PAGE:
Furyborn is a book about two girls who are leading very different paths, from very different times:

“She was supposed to be the Sun Queen, their savior and protector. And yet she had become the Blood Queen. The Kingsbane. The Lady of Death.”

Rielle Dardenne – A girl that has been forced to hide who she is her entire life. In this world, it is rare to have a magical power, but completely unheard of to be able to wield all seven, well, except in a prophecy. After a life or death situation, her kingdom finds out, and then she is forced to complete seven magical trials or be executed.

“We live in a world where good kings die and those foolish enough to hope for something better are killed where they stand.”

Eliana Ferracora – A bounty hunter that is forced to work for the Empire, who put every rebel they find to death. In this world, this is the only way to survive, until Eliana’s family gets broken apart, and she is forced to truly see the world in a different light.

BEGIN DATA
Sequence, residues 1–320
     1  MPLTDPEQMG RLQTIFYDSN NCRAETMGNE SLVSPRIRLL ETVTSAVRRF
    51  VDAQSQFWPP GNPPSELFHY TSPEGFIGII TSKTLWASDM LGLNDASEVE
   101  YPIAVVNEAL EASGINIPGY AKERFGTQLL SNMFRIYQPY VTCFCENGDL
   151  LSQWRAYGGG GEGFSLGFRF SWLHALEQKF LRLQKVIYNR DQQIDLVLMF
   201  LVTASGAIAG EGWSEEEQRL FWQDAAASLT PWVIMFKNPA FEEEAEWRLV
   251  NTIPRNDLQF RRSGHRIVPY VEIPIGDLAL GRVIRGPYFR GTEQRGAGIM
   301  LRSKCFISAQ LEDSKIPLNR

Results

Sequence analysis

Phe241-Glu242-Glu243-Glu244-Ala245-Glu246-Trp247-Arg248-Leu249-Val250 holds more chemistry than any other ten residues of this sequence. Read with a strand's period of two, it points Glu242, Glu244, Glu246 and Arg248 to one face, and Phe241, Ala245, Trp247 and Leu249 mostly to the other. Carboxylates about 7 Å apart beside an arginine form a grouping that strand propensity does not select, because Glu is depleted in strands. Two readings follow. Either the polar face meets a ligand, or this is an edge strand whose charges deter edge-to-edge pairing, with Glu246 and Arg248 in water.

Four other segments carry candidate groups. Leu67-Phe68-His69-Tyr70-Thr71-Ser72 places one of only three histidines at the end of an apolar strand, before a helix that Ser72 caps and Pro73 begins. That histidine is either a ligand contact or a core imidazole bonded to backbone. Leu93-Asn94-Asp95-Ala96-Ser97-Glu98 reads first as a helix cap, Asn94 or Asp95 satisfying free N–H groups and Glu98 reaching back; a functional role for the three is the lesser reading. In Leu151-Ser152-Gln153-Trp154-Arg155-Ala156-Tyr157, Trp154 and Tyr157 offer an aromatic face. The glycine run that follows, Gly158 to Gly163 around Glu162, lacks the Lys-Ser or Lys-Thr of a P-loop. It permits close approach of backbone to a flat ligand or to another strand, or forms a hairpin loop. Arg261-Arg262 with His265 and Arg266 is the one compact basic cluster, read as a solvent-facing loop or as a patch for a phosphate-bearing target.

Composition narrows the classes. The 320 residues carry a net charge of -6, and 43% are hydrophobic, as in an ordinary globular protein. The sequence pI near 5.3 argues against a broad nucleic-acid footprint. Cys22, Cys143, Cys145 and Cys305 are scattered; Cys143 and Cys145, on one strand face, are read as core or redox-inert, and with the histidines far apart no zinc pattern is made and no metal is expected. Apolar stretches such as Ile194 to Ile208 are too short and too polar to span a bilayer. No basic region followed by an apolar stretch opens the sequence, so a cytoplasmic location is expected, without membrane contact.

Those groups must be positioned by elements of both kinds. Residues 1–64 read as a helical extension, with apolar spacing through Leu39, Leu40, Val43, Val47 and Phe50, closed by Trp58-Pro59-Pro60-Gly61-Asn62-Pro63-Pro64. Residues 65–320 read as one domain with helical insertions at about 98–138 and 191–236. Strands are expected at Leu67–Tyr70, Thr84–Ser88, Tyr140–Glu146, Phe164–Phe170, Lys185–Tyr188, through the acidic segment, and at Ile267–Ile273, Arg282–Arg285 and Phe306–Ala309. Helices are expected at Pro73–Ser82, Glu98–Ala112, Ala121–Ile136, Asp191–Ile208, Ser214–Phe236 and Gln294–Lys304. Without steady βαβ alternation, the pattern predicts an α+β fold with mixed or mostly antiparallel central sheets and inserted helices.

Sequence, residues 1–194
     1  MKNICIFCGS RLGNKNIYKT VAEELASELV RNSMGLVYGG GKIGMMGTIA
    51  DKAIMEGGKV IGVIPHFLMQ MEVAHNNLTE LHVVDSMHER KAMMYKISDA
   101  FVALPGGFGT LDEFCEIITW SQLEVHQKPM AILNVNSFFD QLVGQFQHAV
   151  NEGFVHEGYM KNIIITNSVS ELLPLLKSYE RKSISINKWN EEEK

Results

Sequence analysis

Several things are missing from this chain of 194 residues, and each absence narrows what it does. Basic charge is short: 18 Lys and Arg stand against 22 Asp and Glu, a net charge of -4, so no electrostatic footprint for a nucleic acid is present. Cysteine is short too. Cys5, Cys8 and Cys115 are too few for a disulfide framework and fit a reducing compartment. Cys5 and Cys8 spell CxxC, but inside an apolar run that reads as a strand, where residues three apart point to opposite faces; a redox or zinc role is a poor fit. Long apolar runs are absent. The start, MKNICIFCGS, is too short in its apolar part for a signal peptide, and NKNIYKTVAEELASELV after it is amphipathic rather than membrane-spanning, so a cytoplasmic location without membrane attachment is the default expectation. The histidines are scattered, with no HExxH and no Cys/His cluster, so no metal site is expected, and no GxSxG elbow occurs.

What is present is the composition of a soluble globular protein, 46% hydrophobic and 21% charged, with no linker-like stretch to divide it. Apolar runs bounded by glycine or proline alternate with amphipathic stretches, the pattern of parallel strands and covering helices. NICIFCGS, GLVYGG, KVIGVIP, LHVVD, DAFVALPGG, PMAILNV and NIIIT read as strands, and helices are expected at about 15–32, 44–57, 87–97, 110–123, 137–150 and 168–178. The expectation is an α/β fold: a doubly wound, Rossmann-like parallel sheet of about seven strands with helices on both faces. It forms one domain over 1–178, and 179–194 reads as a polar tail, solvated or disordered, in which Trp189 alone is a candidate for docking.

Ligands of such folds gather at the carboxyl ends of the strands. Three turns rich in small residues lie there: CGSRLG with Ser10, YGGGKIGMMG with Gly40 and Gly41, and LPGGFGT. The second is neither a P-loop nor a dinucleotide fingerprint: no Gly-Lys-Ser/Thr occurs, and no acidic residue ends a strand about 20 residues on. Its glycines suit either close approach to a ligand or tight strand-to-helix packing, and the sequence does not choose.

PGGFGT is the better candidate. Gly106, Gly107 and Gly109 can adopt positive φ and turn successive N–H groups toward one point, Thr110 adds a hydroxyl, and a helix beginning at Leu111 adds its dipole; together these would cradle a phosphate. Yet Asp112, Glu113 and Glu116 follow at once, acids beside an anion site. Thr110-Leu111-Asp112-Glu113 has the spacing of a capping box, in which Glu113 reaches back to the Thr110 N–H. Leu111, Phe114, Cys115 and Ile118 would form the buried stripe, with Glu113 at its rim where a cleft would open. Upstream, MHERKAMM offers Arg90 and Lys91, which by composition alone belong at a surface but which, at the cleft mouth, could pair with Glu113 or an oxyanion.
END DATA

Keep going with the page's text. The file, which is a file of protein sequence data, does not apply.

And one of the best prologues that I’ve ever read, shows the starts of how these two women are connected, despite their stories taking place one-thousand-years apart. We are also introduced to a prophecy about two queens, who will change the world and leave it impacted forever.

“Two Queens will rise.
One of blood. One of light.”

My favorite part of this entire book was seeing the juxtaposition between Rielle and Eliana constantly. This story is told entirely in alternating chapters/points of view of the two girls. They would be doing such similar things, a millennium apart, but we’d get to see the different reactions, choices, and actions they decided upon.

And we have a full cast of side characters who also have completely stolen my heart:
Ludivine – My second favorite character, and an amazing representation of found family and the unconditional love we have for friends. And like, give me all the wonderful girl friendships!
Audric – Rielle’s love interest, and the king in waiting. Also, a sweet cinnamon roll and powerful light bringer.